Chanted before practising the ashtanga yoga series which was created by Patabhi Jois. I bow to the lotus feet of the guru, who awakens insight into the happiness of pure being, who is the final refuge, the jungle physician, who eliminates the delusion caused by the poisonous herb of samsara. I prostrate before the sage Patanjali (writer of the yoga sutras) who has thousands of radiant, white heads and who has, as far as his arms, assumed the form of a man holding a conch shell of divine sound, a wheel and a sword of discriminative of knowledge. The literal translation sounds a little way out, but it is a beautiful start to the practise.



The introductory chant talks about why we salute to the sun. The sun is described here as a representation of the golden vessel which holds the ultimate light and truth. Through these prostrations we are requesting we remove this lid and uncover the truth and show us our right path and dharma. The following 12 chants correspond with the 12 names of the sun and the 12 movements of the traditional sun salute. You can chant or listen to these sounds as you move through your suriyar namaskar practise.


The translation of this: May all beings everywhere be happy and free, and may the thoughts, words and actions of my own life contribute in some way to that happiness and that freedom for all.


This was recorded at Gedong Gandhi Ashram, as part of our Yoga Retreat. Together with the members of the ashram and the participants of the yoga retreat we chant this mantra. With the intention in our hearts of all sentient beings finding freedom from suffering and happiness in their lives.



(om budram karnebih)

A chant for the Universal Energy behind all life to help guide us, to hear only that which is worth listening to for our own growth. To have eyes to see only that which is good for us and to be open to and understand the lesson our soul needs to learn in this lifetime. We ask for healthy bodies to enjoy this human existence and to be blessed with abundance and prosperity.


Hare Om, Shri Gurubhyor Namaha, Hari Om

With this chant we honour the Guru. Like a physician who cures a person of his blindness, the guru provides the light of knowledge that makes a disciple ‘see’ the Supreme Self, the divine truth. In this chant we acknowledge the great teachers, the enlightened brings who returned back into human form in order to bring light and wisdom to the human race. We acknowledge the sages and rishis whose lives were spent in the devotion of the yogic practises we participate in. We chant in appreciation of all of the teachers we have met in our lives, the people who have challenged us and helped us. And we acknowledge the greatest teacher of all, our own inner guru.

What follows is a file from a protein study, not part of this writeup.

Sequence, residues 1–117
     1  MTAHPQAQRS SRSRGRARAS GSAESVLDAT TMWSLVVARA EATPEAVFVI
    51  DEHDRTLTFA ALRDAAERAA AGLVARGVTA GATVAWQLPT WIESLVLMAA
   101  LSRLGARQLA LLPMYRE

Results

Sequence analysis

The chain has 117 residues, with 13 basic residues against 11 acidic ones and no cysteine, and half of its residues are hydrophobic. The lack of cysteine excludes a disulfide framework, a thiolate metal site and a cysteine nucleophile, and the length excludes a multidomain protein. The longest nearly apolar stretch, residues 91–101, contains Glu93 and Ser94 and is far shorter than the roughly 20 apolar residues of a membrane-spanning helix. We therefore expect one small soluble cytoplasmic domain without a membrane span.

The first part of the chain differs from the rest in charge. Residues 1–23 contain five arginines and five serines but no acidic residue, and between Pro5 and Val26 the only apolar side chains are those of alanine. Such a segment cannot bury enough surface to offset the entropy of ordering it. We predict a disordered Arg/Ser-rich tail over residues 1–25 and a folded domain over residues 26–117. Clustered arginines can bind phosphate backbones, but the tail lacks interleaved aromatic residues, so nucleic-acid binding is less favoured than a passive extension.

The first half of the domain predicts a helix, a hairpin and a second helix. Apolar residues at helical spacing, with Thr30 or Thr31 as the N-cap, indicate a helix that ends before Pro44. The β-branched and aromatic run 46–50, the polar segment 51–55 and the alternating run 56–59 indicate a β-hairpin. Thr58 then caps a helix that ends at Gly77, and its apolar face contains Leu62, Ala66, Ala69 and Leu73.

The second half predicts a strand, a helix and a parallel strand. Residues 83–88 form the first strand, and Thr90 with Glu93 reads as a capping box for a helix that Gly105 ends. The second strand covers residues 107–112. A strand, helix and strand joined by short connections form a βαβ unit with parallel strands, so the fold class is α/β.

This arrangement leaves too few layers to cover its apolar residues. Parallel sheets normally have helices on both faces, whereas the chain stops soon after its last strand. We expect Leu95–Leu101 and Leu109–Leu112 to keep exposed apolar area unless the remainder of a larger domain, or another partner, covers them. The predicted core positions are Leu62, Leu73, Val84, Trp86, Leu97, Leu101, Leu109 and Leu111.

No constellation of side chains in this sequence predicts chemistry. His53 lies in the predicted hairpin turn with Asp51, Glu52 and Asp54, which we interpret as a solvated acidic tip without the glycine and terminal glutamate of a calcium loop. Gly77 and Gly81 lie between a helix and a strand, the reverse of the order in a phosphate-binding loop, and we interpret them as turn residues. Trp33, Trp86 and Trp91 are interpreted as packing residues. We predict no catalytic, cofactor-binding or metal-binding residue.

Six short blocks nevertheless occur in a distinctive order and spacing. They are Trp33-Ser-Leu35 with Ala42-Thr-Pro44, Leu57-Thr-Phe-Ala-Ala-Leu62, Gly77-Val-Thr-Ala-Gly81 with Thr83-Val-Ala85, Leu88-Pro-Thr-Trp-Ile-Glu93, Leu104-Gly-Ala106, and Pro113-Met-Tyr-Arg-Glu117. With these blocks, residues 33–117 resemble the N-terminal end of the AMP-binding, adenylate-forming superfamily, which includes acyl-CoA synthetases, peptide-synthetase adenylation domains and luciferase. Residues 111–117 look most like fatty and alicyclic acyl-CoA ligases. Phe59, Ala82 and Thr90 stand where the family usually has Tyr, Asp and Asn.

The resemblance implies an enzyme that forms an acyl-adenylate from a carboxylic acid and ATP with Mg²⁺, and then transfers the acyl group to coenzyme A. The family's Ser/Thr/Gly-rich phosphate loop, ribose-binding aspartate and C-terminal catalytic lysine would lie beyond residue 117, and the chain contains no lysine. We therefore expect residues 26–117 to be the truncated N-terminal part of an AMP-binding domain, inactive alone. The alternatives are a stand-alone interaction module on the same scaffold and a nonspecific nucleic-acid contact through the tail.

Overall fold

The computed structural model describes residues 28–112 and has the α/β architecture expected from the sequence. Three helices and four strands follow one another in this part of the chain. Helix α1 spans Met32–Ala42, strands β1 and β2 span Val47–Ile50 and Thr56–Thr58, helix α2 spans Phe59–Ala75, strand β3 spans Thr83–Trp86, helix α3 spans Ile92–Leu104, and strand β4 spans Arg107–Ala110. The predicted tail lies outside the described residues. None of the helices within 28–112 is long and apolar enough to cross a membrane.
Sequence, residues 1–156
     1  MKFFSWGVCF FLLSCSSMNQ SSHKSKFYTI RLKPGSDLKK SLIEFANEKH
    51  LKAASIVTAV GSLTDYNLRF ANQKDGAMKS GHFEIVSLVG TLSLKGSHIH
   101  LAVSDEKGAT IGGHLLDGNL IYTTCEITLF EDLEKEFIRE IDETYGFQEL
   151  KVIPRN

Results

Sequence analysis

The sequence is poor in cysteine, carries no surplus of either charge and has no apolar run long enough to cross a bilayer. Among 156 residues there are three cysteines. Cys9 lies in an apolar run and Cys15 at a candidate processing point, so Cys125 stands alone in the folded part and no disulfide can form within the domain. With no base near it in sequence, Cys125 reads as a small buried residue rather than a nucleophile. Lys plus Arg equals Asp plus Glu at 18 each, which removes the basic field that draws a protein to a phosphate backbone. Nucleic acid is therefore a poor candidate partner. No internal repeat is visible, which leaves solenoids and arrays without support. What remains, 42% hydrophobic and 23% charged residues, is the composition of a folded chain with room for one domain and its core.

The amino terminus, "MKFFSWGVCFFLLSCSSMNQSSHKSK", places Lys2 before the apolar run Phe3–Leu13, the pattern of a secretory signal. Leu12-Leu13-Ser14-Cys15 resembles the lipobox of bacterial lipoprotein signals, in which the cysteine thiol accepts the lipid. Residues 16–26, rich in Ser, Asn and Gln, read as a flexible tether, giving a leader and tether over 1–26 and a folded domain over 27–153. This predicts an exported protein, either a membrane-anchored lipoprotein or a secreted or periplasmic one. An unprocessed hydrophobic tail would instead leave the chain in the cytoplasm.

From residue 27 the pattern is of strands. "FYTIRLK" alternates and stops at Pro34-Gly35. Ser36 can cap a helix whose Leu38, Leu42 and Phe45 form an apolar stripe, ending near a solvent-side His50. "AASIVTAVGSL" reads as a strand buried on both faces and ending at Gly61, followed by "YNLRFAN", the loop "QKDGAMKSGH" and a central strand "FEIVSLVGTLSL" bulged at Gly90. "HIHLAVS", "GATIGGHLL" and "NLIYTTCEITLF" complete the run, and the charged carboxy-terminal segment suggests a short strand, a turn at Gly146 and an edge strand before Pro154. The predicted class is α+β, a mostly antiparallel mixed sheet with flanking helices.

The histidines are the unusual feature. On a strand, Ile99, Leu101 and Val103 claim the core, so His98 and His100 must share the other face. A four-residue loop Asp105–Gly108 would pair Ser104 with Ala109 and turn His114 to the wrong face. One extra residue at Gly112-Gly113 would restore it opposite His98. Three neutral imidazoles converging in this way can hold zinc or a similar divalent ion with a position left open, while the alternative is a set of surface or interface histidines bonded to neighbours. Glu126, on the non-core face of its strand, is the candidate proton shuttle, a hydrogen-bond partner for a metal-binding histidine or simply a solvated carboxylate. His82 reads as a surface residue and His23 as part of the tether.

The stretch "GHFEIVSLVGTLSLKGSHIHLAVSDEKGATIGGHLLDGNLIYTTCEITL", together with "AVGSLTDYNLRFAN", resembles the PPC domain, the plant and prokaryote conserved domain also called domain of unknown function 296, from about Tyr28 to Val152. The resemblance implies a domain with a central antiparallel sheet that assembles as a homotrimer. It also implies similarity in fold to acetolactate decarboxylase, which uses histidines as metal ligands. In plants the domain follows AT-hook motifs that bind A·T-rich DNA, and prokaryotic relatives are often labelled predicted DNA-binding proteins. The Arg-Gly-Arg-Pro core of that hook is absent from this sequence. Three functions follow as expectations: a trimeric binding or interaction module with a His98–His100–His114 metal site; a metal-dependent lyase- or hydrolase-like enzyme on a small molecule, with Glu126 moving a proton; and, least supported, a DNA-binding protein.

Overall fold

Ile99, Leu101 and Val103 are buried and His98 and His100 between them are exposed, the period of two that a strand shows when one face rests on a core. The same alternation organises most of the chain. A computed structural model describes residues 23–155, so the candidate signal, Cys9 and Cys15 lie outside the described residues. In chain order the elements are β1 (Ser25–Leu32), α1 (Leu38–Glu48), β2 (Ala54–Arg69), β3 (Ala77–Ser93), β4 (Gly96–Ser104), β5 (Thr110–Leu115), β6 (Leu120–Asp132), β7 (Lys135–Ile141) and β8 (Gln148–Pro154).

om asato ma sadgamaya
tamaso ma jyortirgamaya
mrtyorma amrtam gamaya
om santih santih santih

Om, the eternal vibration of the Universe. When we align with this vibration, help it to lead us from unreal to real, from the ignorance of the darkness to the light of real knowledge. From the death that is the limitations we perceive of our true being, to the reality of our immortality and that eternal part of ourselves that is limitless and liberated. Om peace, peace, peace.




karacaranajam vak - kayajam karma jam va
sravana nayanajam va manasam vaparadham
vihitamavihitam va sarvametat ksamasva
jaya jaya karunabdhe sri mahadeva sambo

The mantra we use at the end of the day- a mantra for reflection. Asking the self- was I mindful and caring? Did I intentionally or unintentionally breach in my dharmic discipline? Rather than criticising others for their actions, can we look honestly within ourselves and reflect on our own lives. This mantra allows us to search deep into the mind and to release any negative karmic build up we may have accumulated through the day. It strengthens our ability to live through the expression of our soul, through the heart, with love. And allow us a good nights sleep and a fresh start in the morning.